Date of Graduation
Master of Arts in International Studies (MAIS)
College of Arts and Sciences
Dr. Christopher Loperena
In light of the scholarly debate surrounding the goals and mixed effects of development programs, particularly in recent years in relation to microfinance, this study investigates the effects of economic development programs on Latin American women entrepreneurs in San Francisco’s Mission District. It demonstrates that microfinance, when combined with education, can provide important non-economic benefits that contribute to increased freedoms and capabilities for immigrant women entrepreneurs. Drawing on qualitative interviews with ten business owners, as well as a review of the existing literature surrounding development, immigration, and gender, this research argues that owning a business in the US can produce enhanced freedoms and capabilities for Latin American immigrant women, including changing identities and family dynamics and increased social opportunities like education and healthcare.
This study also expands the notion of capital beyond the economic by considering how the shared cultural capital of the Latino community can contribute to a strong network of social capital among immigrant women entrepreneurs, which in turn helps to sustain their businesses and ensure their continued economic success. Several potential barriers to success that this group of immigrant women faces are the challenges of renegotiating gender norms upon transition to a new culture and joining the work force, as well as the obstacles and social stigmas associated with immigration status and citizenship rights. This study concludes that these barriers can prevent the enjoyment of other freedoms like political participation and that displacement of immigrants through gentrification also threatens economic success by devaluing established immigrant networks of social capital.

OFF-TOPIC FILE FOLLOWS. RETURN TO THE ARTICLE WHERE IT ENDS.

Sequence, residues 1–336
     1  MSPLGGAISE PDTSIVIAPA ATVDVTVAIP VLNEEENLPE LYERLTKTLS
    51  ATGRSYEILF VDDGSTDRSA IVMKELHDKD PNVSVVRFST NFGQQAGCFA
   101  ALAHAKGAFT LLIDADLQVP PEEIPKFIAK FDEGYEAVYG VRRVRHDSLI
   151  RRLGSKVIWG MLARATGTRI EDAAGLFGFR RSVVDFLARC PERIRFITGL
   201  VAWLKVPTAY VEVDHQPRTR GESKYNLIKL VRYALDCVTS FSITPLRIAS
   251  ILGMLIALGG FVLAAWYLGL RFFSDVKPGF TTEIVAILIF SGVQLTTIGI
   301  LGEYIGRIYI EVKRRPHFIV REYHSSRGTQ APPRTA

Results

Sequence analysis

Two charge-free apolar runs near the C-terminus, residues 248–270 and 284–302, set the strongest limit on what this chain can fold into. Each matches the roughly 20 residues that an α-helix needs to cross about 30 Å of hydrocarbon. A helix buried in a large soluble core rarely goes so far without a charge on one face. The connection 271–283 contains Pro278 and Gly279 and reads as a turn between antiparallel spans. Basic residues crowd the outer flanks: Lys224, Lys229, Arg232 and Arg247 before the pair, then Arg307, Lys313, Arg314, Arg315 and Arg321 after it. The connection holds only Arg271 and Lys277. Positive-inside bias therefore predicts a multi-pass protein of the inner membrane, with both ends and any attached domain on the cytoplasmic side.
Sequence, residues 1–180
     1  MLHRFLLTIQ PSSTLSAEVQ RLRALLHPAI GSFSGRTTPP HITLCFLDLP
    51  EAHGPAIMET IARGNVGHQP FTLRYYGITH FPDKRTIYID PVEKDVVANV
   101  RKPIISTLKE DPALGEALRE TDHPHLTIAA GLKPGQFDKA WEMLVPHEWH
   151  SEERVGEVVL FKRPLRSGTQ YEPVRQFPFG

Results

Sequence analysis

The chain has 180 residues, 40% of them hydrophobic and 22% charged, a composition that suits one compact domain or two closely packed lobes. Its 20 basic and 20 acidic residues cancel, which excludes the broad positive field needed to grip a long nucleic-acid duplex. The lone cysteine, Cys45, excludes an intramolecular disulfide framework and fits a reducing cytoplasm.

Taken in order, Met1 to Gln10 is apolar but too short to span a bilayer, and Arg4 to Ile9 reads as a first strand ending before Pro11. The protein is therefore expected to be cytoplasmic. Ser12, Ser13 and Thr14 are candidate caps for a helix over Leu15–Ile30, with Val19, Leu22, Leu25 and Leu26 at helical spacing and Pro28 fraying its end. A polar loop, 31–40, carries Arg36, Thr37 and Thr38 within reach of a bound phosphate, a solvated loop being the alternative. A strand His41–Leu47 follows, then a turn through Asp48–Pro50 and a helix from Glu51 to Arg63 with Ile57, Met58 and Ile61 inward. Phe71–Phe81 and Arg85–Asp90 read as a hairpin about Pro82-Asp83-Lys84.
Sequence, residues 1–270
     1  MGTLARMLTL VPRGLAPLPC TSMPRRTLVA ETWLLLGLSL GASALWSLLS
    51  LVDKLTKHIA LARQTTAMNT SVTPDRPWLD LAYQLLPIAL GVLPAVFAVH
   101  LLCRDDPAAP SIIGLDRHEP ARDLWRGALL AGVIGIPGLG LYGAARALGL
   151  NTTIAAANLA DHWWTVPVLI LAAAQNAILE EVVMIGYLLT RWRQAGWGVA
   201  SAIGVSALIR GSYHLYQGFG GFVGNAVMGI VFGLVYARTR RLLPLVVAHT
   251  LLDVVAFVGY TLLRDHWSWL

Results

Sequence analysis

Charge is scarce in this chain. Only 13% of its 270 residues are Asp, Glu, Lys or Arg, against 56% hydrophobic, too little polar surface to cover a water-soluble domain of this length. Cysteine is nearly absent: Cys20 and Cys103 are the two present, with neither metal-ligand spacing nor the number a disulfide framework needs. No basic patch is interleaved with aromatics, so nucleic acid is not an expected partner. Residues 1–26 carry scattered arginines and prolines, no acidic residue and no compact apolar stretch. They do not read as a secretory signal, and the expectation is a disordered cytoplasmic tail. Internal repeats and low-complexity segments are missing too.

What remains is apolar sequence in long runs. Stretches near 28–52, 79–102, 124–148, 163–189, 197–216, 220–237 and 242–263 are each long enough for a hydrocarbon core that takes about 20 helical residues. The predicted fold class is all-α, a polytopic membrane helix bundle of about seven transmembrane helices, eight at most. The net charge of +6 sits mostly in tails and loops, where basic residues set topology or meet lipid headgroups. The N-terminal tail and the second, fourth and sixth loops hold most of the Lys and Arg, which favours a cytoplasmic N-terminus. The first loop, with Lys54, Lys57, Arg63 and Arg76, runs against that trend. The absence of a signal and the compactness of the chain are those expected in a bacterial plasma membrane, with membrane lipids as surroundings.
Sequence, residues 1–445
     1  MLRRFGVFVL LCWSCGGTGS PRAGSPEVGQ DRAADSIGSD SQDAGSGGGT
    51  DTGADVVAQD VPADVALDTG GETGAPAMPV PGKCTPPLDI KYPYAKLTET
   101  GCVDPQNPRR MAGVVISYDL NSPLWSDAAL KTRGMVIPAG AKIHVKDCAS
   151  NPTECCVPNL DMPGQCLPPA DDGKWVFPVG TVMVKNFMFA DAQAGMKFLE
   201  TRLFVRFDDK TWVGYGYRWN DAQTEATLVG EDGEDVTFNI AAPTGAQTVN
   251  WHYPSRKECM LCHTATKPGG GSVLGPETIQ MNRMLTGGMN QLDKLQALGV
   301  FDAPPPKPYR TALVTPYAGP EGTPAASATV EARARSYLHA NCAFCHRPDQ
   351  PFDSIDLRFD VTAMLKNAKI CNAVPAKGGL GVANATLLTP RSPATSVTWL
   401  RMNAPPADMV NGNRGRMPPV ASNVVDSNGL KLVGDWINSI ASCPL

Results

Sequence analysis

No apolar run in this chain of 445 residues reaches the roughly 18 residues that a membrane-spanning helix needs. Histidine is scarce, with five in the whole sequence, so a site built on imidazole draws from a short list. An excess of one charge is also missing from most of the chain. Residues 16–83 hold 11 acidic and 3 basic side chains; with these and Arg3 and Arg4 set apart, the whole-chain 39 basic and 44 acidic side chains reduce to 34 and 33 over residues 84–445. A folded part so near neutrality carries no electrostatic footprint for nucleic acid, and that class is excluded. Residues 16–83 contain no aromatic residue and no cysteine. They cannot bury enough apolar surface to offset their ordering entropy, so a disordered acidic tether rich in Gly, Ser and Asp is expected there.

Vilain, Melia M., "Beyond the Economic: The Freedoms, Capabilities, and Social Capital of Latin American Women Entrepreneurs in San Francisco" (2014). Master's Theses. 115.